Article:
The stage was filled with colleagues, some of them quite noteworthy themselves, with children and grandchildren and the family of theater and mankind. It was filled with song and banjo music and stories of the kind only theater people or beloved family members are allowed to tell. It was the Arena family and the Fichandler family telling the story of — as Arena Stage Artistic Director Molly Smith has often said — the woman who was and remains “the mother of us all.”

All the people who came to pay their respects, to tell stories, to share memories — not only actors and directors and playwrights but critics and theatergoers and ushers and designers and costumers and set painters — were made to feel part of a community, which was the theater community, which had lost and would miss an inspirational and transformative figure.

Fichandler is considered by many to be the founder of the regional theater movement, a status she always insistently shared with Margo Jones and Nina Vance.

Theater is of course the ultimate collaborationist performing art, noted most especially for being there in front of the last collaborator, the audience, in the moment. There were eloquent, articulate examples of what it takes to put on a play or a show, beyond the imaginings of Mickey Rooney or Judy Garland. All of us watched and listened, sitting in the house that Zelda and her husband, the late Tom Fichandler, built in the beginning, along with directors like the late Alan Schneider. The building, the theater, the stage were filled not only with those present but thickly with actors and plays, characters that marched across the stage, from Shakespeare to Chekhov to Mamet to Albee, from “Inherit the Wind” to “Our Town,” both of which Arena toured to Moscow.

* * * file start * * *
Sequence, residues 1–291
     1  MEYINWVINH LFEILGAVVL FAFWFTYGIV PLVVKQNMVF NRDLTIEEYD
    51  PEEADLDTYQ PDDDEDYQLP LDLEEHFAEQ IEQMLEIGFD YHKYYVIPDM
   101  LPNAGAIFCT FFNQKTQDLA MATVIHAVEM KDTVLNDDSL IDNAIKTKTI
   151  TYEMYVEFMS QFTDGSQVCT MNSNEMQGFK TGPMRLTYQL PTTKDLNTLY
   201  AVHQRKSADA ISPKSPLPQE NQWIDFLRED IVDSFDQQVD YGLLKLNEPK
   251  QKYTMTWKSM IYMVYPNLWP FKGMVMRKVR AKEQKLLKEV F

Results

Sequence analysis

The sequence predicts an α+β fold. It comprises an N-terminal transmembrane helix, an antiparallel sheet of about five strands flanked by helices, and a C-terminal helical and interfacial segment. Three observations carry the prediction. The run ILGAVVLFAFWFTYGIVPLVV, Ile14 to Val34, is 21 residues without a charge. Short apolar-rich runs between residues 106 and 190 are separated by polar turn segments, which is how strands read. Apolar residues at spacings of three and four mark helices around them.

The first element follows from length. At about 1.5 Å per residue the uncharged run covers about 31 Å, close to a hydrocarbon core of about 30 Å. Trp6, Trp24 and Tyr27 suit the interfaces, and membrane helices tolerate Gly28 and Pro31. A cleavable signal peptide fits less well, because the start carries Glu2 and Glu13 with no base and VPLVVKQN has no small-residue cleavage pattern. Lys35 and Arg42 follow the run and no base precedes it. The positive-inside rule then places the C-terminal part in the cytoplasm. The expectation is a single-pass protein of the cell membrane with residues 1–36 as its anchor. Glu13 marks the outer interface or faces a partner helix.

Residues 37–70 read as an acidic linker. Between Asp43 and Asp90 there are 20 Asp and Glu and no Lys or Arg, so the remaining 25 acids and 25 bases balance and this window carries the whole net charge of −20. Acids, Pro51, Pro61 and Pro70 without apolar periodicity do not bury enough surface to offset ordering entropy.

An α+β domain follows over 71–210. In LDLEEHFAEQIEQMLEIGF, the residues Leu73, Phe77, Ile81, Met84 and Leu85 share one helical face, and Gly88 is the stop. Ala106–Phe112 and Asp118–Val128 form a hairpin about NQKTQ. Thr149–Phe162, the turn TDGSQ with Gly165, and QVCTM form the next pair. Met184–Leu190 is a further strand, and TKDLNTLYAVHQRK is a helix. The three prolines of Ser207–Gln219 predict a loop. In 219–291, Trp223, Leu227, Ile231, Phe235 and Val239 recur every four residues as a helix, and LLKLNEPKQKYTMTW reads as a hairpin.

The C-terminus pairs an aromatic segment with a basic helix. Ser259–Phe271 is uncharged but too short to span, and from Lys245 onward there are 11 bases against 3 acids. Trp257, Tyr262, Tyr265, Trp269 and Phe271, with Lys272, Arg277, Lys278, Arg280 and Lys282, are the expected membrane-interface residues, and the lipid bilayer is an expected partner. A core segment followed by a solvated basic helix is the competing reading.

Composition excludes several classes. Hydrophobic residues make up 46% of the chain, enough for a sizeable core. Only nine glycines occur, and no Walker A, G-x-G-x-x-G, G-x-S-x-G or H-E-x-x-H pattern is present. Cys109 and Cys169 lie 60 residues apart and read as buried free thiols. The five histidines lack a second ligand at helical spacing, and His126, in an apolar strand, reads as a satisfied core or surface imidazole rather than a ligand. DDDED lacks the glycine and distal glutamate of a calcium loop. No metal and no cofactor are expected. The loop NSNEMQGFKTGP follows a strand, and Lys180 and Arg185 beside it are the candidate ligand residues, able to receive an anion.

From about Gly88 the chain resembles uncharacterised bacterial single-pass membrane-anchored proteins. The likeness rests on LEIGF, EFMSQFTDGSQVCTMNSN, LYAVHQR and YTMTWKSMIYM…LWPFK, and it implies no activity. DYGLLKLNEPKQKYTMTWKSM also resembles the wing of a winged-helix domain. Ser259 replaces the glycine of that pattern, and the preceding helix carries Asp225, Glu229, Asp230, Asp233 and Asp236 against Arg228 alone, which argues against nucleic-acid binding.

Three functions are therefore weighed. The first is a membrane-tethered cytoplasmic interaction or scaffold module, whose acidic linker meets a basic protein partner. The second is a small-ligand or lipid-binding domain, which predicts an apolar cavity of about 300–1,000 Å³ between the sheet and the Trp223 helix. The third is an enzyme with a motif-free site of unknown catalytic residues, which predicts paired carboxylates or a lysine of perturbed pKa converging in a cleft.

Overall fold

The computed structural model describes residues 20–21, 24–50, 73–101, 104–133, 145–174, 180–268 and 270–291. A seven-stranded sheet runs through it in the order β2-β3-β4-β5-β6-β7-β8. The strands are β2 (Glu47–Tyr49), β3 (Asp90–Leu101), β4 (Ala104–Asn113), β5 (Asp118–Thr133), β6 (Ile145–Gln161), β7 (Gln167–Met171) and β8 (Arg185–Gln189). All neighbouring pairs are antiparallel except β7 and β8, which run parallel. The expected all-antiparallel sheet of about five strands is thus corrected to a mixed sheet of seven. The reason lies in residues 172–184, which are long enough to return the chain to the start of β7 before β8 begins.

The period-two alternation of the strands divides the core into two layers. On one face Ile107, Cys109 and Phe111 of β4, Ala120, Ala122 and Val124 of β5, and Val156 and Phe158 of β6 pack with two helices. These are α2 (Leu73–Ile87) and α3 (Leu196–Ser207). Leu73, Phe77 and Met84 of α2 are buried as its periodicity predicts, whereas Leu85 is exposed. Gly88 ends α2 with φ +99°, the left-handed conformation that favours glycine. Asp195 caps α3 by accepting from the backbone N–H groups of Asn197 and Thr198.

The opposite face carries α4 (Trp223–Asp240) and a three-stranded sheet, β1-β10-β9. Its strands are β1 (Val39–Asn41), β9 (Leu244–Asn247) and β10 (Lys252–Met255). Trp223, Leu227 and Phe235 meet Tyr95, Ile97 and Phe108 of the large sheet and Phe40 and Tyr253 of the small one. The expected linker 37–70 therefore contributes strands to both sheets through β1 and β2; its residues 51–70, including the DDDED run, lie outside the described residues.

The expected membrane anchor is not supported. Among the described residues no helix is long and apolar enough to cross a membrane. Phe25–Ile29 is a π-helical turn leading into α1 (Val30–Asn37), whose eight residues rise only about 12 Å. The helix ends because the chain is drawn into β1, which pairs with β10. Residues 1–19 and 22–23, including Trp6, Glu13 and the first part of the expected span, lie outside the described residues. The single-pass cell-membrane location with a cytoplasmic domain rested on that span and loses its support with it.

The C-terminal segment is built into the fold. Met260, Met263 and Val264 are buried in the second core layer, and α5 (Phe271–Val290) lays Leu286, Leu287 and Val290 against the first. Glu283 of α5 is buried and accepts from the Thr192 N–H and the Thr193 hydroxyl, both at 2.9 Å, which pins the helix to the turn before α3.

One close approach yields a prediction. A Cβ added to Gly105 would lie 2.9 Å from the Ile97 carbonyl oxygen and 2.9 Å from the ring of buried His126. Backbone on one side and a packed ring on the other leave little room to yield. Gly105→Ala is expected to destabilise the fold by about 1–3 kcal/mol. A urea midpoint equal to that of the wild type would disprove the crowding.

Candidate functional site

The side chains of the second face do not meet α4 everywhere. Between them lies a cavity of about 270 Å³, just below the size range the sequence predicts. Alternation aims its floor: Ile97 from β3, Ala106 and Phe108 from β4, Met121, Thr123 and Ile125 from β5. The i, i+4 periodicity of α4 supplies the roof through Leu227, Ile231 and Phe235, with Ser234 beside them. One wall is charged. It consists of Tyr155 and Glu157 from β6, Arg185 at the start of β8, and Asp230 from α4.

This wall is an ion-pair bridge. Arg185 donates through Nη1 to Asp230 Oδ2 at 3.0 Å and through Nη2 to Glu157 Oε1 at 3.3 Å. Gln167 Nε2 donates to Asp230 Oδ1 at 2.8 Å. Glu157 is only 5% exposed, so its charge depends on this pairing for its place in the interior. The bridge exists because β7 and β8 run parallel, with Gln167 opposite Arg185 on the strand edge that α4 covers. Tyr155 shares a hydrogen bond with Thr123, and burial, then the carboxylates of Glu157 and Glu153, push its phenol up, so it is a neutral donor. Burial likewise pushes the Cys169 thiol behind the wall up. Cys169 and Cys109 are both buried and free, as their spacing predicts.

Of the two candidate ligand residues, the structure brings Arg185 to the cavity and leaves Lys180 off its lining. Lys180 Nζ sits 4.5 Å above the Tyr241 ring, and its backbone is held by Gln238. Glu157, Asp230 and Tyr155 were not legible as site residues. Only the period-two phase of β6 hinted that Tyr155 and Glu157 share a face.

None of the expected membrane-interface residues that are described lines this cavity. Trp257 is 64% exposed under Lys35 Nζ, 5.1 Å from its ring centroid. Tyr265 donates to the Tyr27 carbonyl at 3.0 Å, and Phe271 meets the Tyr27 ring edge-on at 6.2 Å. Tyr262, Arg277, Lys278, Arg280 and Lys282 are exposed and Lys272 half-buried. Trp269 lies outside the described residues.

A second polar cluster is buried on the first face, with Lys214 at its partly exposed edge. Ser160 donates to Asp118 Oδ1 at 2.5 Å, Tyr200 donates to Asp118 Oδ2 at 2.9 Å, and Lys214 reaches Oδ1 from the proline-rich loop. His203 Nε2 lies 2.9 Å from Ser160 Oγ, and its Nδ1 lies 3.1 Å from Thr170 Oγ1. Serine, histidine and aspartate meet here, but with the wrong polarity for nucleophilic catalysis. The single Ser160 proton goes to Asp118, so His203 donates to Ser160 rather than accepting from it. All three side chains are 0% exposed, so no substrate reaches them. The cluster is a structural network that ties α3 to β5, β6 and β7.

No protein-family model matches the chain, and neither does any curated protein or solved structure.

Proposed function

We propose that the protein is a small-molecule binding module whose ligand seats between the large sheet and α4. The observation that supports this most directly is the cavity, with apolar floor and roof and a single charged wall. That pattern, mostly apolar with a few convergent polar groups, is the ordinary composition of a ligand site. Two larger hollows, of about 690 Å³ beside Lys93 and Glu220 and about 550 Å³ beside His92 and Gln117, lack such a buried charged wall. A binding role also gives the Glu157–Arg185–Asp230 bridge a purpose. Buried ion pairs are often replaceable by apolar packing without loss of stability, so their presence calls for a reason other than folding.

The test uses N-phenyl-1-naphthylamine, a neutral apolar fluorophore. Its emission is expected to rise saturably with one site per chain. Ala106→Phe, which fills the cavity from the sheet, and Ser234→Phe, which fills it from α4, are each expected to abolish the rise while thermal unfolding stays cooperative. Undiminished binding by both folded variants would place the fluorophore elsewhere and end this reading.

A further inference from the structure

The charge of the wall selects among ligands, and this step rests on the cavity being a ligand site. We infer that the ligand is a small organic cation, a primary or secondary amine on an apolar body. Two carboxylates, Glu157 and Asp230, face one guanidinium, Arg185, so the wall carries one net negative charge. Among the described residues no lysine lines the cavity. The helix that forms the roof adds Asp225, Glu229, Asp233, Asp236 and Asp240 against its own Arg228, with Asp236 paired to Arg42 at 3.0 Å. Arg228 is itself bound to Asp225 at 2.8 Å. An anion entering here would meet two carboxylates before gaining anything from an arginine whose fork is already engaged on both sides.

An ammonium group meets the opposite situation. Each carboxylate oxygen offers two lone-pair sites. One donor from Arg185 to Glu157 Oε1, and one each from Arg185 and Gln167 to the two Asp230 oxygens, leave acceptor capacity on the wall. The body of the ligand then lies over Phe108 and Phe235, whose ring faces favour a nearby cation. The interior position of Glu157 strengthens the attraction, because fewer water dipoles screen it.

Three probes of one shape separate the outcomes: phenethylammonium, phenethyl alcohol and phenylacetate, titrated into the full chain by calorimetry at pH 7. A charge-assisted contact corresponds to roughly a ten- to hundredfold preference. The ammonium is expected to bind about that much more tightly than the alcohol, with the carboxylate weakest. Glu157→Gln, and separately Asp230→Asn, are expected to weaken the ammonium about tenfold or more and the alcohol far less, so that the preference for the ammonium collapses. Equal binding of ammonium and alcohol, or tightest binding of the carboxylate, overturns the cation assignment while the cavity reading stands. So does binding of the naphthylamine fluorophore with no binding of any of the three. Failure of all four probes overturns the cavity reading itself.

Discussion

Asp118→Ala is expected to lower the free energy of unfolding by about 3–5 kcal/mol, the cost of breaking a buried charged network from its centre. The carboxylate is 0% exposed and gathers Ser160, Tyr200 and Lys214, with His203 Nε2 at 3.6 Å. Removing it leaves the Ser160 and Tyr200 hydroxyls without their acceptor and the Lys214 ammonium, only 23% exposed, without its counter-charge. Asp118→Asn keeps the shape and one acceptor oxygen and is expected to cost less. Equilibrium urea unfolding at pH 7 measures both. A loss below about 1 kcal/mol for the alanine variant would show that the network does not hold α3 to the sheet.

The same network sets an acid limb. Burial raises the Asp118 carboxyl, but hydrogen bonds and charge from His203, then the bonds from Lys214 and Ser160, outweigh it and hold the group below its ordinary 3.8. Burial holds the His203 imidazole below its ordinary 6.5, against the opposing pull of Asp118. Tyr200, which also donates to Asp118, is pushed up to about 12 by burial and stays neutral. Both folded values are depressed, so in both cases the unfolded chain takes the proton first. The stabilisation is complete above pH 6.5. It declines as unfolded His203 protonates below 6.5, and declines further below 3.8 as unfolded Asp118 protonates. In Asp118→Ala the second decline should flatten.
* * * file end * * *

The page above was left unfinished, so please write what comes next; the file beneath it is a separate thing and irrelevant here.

Here in the present were Smith, the much-honored lighting designer Allen Lee Hughes, former Arena producer and project manager Guy Bergquist, Stage Directors and Choreographers Society Executive Director Laura Penn, Theatre Communications Group Executive Director Teresa Eyring, Fichandler’s successor at Arena Doug Wager, actor Terrence Currier, actress and playwright Danai Gurira (via video) and Tazewell Thompson, the gifted African American playwright and director who rose to prominence at Arena.